The Pros and Cons of a Reverse Mortgage
If you’re nearing retirement or have recently retired, you may be looking for a way to increase your financial stability after this major life change.
One way to get a steady income stream without going back to work is to use a reverse mortgage. Essentially, a reverse mortgage allows you to borrow against your home equity, giving you a line of credit or a steady amount of cash over a long period of time. As with any financial proposition, however, a reverse mortgage certainly isn’t for everyone. Here are some of the different reverse-mortgage pros and cons that can help you decide if getting a reverse mortgage is right for you.
Pro: No Monthly Payments
Unlike more traditional types of loans, a reverse mortgage does not require you to make a monthly payment. This means that you don’t need nearly as much income to qualify for a reverse mortgage program. Since you are borrowing against your home equity, you will still need to maintain your property values with repairs and pay the usual taxes and insurance that come with owning a house, but since these are costs that you would have had to pay anyways there’s a good chance that you will have already factored them into your retirement plan.
Pro: Flexible Funds
Whether you choose to take your reverse mortgage in the form of a lump sum, a line of credit, or monthly payments, or a combination of the various options, the funds that you get are not restricted and can be used for any purpose. They are treated like any other loan, meaning that you won’t have to pay income tax on them, and you won’t have to worry about oversight of the way that you spend your reverse mortgage funds. Some people use reverse mortgages to cover everyday expenses such as groceries and gas, while others use the money to pay for unexpected medical expenses or repairs.
Pro: A Line of Credit for Life
Many other solutions to get seniors a line of credit, such as HELOC, have been known to freeze or cancel on their clients with little to no advance notice. Traditional credit cards may not be attractive to you in your retirement because of the fact that you need the ability to pay the sometimes high minimum every month. With a reverse mortgage, so long as you have equity left to borrow against and keep up with the standard responsibilities of home ownership, you are guaranteed a line of credit for life.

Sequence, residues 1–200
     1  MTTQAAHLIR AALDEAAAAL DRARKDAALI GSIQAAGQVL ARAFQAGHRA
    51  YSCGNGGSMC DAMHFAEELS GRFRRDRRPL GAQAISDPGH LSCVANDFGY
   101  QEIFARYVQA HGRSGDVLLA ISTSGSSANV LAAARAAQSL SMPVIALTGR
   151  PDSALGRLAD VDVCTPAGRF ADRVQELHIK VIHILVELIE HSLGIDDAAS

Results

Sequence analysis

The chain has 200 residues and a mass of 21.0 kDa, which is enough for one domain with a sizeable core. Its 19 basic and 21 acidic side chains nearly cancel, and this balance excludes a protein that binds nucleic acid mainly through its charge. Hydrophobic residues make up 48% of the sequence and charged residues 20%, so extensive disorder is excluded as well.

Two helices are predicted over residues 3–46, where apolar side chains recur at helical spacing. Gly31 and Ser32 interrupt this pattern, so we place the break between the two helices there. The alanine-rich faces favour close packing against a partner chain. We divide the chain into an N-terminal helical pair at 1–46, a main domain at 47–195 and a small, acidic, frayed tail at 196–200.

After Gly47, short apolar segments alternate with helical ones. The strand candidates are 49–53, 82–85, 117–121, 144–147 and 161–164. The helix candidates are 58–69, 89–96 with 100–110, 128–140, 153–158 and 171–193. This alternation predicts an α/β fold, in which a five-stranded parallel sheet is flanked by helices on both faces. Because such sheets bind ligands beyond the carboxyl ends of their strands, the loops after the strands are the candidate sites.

Con: High Initial Cost
Reverse mortgages are unusual in that, while they are incredibly useful for your long-term financial health, there is a relatively high initial cost. Between the various fees throughout the process of signing up for a reverse mortgage, these costs can sometimes mount to around
$6,000. If you are already in dire financial straits, a reverse mortgage may not be the best solution.
Con: May Impact Needs-Based Programs
In the United States, many needs-based programs will punish or drop those who depend on them if they allow funds to accumulate in their accounts. While Social Security is not affected by the accumulation of funds, other programs that you may be counting on are. EBT, Medicare, and disability programs all have maximum amounts that you can have in your account at any time, regardless of how much you depend on those programs for your everyday life. If you are on any of these needs-based programs, care must be taken to only draw the funds you need and be certain to spend them before the month’s end so that they don’t show up on your statements to the program supplying your benefits. If you believe you can keep track, a reverse mortgage can still be viable, but if not the program, sadly, may not fit your needs.
Con: Must Maintain Primary Residence
A reverse mortgage must be taken out on your primary residence, and that property must continue to be your primary residence for however long you keep using the reverse mortgage. This means you cannot move or rent out the property if you want to continue having access to the funds provided by the reverse mortgage. If you choose to move or rent out the property, the loan must be paid off immediately, which can be an enormous financial burden depending on how much you have already used the reverse mortgage.- by Matt Watts